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  • November 18, 2020
  1. Thus far in 2020, unions prevailed in mail ballot elections at the same rate as in-person elections. According to an October 16 Bloomberg report, although voter participation was low, unions won seven out of 10 National Labor Relations Board (NLRB) elections regardless of whether the election was conducted by mail ballot or in-person (manual) ballot. The results were consistent with those in elections conducted from 2015-2019. As for voter turnout in 2020, 69.1% participated in mail ballot elections, while more voters, 74.8%, cast ballots in manual elections. These participation numbers were down from the 2015-2019 average across mail and manual ballot elections, where 78.2% of all eligible voters cast ballots.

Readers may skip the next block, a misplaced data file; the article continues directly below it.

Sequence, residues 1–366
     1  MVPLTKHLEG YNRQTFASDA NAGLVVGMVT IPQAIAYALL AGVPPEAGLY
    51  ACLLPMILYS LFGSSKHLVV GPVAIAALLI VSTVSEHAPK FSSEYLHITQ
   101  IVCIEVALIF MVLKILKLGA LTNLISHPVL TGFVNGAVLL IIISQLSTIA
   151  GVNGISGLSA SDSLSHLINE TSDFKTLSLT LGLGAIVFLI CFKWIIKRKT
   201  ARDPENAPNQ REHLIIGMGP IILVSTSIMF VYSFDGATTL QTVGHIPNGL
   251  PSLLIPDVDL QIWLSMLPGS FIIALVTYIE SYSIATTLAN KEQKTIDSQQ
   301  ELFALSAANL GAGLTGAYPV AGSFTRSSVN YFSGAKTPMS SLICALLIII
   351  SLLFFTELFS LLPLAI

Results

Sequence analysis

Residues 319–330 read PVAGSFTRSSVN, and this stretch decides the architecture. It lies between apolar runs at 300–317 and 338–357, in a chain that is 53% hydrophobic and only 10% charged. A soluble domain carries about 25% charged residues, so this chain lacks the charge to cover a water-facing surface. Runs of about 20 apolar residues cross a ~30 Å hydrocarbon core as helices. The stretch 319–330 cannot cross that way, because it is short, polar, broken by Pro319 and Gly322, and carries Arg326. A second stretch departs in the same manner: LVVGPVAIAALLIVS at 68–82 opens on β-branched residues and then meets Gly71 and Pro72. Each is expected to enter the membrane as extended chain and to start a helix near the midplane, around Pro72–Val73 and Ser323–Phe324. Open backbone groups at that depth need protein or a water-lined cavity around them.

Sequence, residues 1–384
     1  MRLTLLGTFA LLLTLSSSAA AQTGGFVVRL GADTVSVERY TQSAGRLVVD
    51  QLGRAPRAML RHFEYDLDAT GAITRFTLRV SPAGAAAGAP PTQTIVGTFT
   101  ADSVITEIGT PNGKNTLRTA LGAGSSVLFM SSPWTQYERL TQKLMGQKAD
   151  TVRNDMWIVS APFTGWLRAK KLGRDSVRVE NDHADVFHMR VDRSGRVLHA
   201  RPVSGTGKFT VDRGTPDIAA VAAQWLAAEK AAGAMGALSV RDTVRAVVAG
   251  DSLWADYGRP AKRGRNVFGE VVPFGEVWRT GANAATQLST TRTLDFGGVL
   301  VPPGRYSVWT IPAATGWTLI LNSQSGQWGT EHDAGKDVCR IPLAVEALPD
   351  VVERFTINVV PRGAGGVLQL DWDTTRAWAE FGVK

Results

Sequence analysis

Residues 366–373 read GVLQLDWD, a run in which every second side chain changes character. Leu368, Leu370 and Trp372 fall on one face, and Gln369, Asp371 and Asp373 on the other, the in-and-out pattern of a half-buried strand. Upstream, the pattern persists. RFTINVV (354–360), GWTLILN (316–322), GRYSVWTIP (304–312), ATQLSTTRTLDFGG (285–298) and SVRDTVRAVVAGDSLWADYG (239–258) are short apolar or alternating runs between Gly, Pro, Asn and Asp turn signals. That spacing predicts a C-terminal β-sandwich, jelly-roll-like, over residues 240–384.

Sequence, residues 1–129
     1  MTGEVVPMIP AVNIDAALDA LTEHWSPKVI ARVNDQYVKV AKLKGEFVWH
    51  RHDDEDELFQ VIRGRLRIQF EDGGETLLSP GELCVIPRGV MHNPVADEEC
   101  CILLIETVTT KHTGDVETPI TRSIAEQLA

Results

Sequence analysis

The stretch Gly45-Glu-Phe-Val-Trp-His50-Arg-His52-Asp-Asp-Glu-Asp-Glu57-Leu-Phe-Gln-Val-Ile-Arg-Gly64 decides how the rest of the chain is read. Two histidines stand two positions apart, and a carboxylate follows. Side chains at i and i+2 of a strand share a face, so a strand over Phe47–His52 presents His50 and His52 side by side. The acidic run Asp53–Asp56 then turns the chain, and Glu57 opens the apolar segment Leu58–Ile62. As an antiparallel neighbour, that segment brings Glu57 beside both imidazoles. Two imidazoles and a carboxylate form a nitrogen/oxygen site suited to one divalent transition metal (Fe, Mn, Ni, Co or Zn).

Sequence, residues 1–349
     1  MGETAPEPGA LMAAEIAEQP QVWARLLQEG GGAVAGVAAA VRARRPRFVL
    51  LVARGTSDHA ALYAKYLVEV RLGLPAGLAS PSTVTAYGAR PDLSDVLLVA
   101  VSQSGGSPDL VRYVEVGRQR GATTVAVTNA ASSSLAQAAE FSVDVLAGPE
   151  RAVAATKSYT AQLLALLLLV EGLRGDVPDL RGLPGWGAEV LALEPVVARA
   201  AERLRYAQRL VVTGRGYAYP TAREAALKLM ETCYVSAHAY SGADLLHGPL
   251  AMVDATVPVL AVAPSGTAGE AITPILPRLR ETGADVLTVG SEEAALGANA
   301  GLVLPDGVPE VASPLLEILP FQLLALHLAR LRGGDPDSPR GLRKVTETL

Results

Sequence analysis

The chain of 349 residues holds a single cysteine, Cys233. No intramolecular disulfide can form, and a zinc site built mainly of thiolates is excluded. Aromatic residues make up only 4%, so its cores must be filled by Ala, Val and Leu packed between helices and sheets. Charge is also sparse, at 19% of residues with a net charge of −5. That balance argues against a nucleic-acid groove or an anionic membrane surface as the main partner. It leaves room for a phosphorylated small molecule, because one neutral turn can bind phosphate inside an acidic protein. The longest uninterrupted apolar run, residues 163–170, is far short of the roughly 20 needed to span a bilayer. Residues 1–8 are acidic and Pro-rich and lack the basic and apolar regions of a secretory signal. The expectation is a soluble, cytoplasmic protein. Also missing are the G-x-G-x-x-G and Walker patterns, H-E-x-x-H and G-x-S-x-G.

2. The NLRB approved an employer’s request for withdrawal from a stipulated election agreement due to unforeseeable operational changes resulting from COVID-19. Housing Works Inc., 29-RC-256430 (Oct. 15, 2020). The NLRB found a Regional Director erred in refusing to allow an employer to withdraw from a stipulated election agreement after the employer’s operations and workforce expanded rapidly and dramatically, as a result of COVID-19, and considerable time elapsed before the election was to be held. The employer operated a non-profit in the New York City area. On March 4, 2020, the employer and union entered into a stipulated election agreement providing for a mail-ballot election, and the ballots were scheduled to be mailed on March 20. On March 19, the NLRB announced it was suspending all elections (including mail-ballot elections) through April 3 due to the COVID-19 pandemic. In late-March, as a result of the pandemic, the employer added five new work locations to provide services for individuals with COVID-19. These new operations resulted in the hiring of approximately 230 new employees in classifications covered by the election agreement, but the new employees were excluded from the unit. The employer also scaled back many of the operations formerly staffed by eligible voters. After the NLRB resumed mail-ballot elections, the employer submitted a request to withdraw from the election agreement, alleging material terms underlying the agreement had changed due to the extraordinary circumstances caused by the pandemic. The Regional Director denied the request. On appeal, the NLRB reversed that decision, noting that a request to withdraw from a stipulated election agreement should be approved where a party makes an affirmative showing of unusual circumstances. The NLRB found the employer made such a showing. It found significant the dramatic change in business driven by circumstances not reasonably foreseeable at the time the parties entered into the election agreement and the length of time that had passed since the agreement had been struck. The NLRB said, “Given the nature and scope of the unforeseeable changes to its operations and their timing in relation to the date the parties entered into the Agreement, we find that the Employer has affirmatively shown the “convergence of complications which qualifies as an ‘unusual circumstance.’”